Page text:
As I looked to follow up on my recent blog “Road to Game Improvement I”, I realized that I should actually track my game at this point so the information and results I may relate to you will be current. So guess there will be a “Road to Game Improvement III”.
I then realized that I recently have started something to improve the consistency of my ball striking. I had become very frustrated on the fairways and sometimes off the tee. My recent blog on “A Tale of Two Nines Part II” speaks of these frustrations. To re-iterate, for me, they are Having the wrong swing thought and Being out of position at set-up (standing too close to the ball).
In many articles I have read, and many lessons from a pro on the internet, there is a common opinion that a consistent pre-shot routine is a good start to better ball striking. As I looked at myself, I did not have a consistent routine before I hit a ball. Sometimes we get frustrated watching a pre-shot routine that we feel have too many practice swings, etc. and takes too much time, but that does not have to be the case.
The other night I was flipping through movie channels on TV and came across “The Legend of Bagger Vance”. The movie had already started but I have seen it often enough that I can pick it up at any point. During the golf match, Bagger finally says to Junah, and I paraphrase, ‘It’s time for you to see the field’. He tells Junah to watch Bobby Jones who’s about to hit. He wants him to watch Jones’s concentration, standing behind the ball, making practice swings. As Bagger says ‘looking for that one true swing’ and clearing his mind of all but the coming golf shot. Jones then addresses the ball. swings and sends the drive down the fairway. He then had Junah try it and he also sent the tee shot down the fairway. Ah the movies, if it were only that simple.
I decided I needed a simple yet hopefully effective pre-shot routine. Again, I gleaned from videos that a pre-shot swing does not have to be set up to hit a ball as much as relaxing and finding the correct swing path. My new pre-shot routine is to stand behind the ball and look down the fairway to decide the path of my ball should I hit it as I want. While behind the ball, facing down the fairway, I take two swings. I am trying to get the club on the right swing path and the right backswing position. I then address the ball and am ready to hit.
Now for my proper swing thought, Turn your shoulders and meet the ball. That’s my swing thought and I believe that when I have that thought I hit the ball better. Often on a missed shot I realize I had another thought in my mind as I was hitting. You need to find your swing thought. The simple thought that will work for you to make your best contact with the ball. You have to find your pre-shot routine. My friend Bob has a pre-shot routine that includes moving his shoulders to relax them. Just something that will relax you and keep you somewhat consistent. We are amateurs and take it from me, although I believe a consistent pre-shot routine will improve your game it will not totally eliminate poor shots.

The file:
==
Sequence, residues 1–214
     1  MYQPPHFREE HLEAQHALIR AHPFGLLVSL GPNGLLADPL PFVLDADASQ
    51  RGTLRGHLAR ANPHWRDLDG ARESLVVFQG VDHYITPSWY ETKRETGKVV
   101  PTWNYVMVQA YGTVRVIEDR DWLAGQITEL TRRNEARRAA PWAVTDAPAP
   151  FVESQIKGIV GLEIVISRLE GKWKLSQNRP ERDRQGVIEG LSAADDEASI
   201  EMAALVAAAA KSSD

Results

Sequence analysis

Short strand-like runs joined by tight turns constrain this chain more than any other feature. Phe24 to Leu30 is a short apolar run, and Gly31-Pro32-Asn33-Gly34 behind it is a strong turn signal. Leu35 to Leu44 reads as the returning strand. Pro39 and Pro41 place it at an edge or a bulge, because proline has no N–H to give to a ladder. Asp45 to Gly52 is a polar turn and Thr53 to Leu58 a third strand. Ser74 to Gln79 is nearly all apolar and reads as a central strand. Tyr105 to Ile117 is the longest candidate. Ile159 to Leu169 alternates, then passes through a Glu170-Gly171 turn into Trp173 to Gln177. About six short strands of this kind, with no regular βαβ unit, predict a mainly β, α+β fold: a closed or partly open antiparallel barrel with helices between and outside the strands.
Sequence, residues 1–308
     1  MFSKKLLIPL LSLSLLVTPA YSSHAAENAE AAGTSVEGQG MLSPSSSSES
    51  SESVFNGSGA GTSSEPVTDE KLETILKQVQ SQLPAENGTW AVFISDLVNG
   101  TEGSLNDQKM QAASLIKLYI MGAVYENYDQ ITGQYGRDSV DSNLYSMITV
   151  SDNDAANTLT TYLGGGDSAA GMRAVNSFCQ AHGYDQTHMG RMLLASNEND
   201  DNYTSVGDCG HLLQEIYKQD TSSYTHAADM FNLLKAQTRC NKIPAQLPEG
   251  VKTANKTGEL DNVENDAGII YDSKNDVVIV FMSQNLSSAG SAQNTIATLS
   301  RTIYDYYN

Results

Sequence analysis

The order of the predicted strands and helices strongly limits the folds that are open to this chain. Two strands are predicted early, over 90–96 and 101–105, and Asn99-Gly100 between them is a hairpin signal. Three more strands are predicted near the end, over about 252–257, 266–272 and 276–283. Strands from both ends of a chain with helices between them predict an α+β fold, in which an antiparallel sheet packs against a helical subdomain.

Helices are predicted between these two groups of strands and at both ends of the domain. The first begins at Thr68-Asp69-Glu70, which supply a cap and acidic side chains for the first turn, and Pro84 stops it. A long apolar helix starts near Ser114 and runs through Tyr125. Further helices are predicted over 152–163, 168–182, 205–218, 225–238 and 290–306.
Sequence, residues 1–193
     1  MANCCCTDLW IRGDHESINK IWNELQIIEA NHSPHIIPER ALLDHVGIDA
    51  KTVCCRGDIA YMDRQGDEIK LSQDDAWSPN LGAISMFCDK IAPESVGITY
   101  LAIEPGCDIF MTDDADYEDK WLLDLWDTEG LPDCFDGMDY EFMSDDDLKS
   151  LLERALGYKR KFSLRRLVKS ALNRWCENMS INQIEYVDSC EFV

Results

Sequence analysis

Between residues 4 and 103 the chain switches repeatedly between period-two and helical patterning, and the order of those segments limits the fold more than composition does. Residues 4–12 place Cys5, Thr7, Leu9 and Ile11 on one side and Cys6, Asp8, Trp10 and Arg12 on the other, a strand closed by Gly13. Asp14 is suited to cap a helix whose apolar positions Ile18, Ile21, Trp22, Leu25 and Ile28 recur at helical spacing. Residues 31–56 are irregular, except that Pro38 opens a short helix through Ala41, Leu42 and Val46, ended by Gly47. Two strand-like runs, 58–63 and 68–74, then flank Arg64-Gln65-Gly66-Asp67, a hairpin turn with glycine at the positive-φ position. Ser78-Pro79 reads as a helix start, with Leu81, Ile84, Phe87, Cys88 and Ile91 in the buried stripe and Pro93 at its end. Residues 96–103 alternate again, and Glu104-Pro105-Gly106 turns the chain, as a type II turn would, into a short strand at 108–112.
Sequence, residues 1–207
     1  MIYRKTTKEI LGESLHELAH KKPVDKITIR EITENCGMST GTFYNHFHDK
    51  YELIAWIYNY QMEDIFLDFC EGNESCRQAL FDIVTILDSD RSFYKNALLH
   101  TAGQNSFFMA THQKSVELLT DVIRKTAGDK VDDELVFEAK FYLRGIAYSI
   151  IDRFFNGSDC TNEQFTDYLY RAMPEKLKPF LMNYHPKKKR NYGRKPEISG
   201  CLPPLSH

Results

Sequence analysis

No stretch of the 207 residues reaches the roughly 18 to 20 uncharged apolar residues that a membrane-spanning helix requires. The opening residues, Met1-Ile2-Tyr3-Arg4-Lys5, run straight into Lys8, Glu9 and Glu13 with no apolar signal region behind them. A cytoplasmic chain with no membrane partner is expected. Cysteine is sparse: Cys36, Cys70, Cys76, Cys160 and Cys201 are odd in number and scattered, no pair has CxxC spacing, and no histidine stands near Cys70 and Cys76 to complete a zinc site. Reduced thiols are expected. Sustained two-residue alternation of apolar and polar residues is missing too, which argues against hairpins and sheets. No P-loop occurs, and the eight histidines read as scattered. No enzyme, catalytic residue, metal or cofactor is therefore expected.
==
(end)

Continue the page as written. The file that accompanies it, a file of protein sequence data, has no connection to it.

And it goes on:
I also mentioned that sometimes I felt out of position on the tee or on the fairway. I felt that I was standing too close to the ball. Even though I felt that way, I would swing anyway and often hit a poor shot. If I was out of position I could not swing the path I wanted, hence, all bets were off as to where the ball would go. My solution has been to set up with the club in front of the ball (below the ball) as I take my stance. I then move the club, reaching forward and bending my knees to keep my posture before I swing. This seems to put me in a better position to make good contact with the ball and swing the club on my desired swing path. So far it appears to be working for me. I got this idea from Jack Disney, who sets up below the ball and reaches out when he swings. That works for him.
Unfortunately, I still occasionally lose concentration and fall out of one or more parts of my routine. When I follow my routine, Pre-shot, Setup and Swing thought, I hit the ball better.
You need to find what will work for you. You need to try and understand your swing. You may take input from your playing partners. You might decide to consult your Golf Pro. We are not Tiger Woods, but even his coaches have said he knows his swing better than anyone. You need to learn yours.
My plan is to add more ideas for improvement in future installments.
I hope this information has been of help to you or at least you enjoyed reading it. There is a comment section below. Please use it. I would love your ideas and feedback.